Zaki's experience of being singled out as a stranger and for this reason 'stopped' or excluded because he is imagined to be dangerous and related to trouble and violence is not outstanding. Actually, it is quite the contrary. All the research participants I have talked to during my field research, have had similar stories to tell - experiences of being denied access to clubs and discos, of being stopped by the police for no specific reasons, and of being linked to criminal actions because of their very presence in specific streets or neighbourhoods. Hence, despite being born or at least raised in Denmark, their visible otherness are unavoidable factors they have to deal with in their everyday life.

The experience of being singled out as a stranger induces, as Fanon has described, a special kind of bodily consciousness, and the feeling is one of negation. In his description of how the 'black' body is "sealed into that crushing objecthood" (Fanon 1986:82), a central point is how the black man adopts the white gaze. For the black man then, consciousness of the body becomes a kind of third-person consciousness, in trying to reconcile his own experience with the operation of a historico-racial schema within which his own corporeal schema is supposed to fit. Hereby the body is surrounded by an atmosphere of certain uncertainty (Fanon 1986:83-84).

Ataf, a well-established rap artist in his late thirties with Pakistani background, describes this feeling of a 'double consciousness' in his description of, why he never enters cafés in Copenhagen, the city where he is born and still lives:

 "I never sit down at cafes. [...] Sometimes I walk in to buy a juice or some water, but I always feel that people pull this: 'what are you doing here?' It is not spiteful, more like wondering a bit. You get me? I live in this country, I was born and raised here, and I'm just as Danish as you. Or am I? Do you get me? [...] So you create a filter, a sensor, where you quickly can sense that 'you don't like me' or 'you feel uneasy having me around'" (Interview with Ataf , September 7, 2010)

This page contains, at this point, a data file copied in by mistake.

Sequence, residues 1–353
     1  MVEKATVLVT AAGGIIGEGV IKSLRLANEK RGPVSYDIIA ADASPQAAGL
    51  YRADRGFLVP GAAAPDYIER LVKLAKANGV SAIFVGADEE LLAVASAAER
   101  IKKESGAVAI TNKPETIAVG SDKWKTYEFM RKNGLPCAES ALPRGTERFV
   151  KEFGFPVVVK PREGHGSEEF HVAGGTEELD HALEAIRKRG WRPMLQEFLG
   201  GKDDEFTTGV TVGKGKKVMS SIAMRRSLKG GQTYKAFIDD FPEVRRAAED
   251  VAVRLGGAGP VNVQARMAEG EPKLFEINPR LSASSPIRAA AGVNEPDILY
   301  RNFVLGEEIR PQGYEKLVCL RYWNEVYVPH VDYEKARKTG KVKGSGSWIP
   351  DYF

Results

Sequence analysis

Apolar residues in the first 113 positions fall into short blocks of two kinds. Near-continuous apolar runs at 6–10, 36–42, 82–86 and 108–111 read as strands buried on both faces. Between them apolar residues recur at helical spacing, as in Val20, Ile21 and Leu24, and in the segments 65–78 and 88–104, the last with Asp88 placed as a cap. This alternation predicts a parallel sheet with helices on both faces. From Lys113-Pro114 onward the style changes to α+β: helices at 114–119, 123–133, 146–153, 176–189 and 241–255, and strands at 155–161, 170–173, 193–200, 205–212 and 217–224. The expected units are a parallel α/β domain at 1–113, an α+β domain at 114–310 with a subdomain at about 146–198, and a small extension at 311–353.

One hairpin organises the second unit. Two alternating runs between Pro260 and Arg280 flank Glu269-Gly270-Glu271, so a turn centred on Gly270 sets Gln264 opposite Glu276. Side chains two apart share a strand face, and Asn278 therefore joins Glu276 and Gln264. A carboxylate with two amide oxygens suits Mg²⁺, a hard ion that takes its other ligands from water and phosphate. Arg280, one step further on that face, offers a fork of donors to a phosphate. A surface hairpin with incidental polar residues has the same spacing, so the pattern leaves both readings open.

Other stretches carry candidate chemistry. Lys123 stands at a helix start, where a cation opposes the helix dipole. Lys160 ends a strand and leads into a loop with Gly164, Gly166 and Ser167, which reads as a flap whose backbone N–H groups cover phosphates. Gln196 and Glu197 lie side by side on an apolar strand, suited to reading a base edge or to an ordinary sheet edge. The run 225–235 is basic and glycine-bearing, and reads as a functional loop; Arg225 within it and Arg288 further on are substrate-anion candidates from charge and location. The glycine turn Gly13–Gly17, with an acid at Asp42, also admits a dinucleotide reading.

Such stories of 'being stopped' - or stories of 'stopping oneself' - stemming from both external and internal singling out, are part of the everyday life of all dark Danes, I have been in touch with during my field research - and have huge influence on these people's identity work.

As Stuart Hall has argued, identities - or identification - are constructed within discursive practices as temporary attachments to the subject position. Thus they are always the results of a successful articulation of the subject into the flow of the discourse (Hall 1996:6).

But as I touched on above, a person's articulation of identity is not always successfully received within the discourse they are articulated. Zaki was denied access and Ataf deliberately avoided engaging, and thus they were both stopped when trying to negotiate particular discourses. These examples show how discursively produced categories like 'race,' 'ethnicity' or 'nation' shape habits of thought and expression in powerful ways that become important aspects of a persons identity formation - and that once such habits become deeply entrenched, they frequently operate below focal awareness. They are taken for granted and do not come up for consideration as to their origin, nature, or accuracy (Turino 2008:103). In this sense, dark Danes develop a whole set of habits of thought and expression, that lead them to identify with each other and that distinguish them from pale Danes.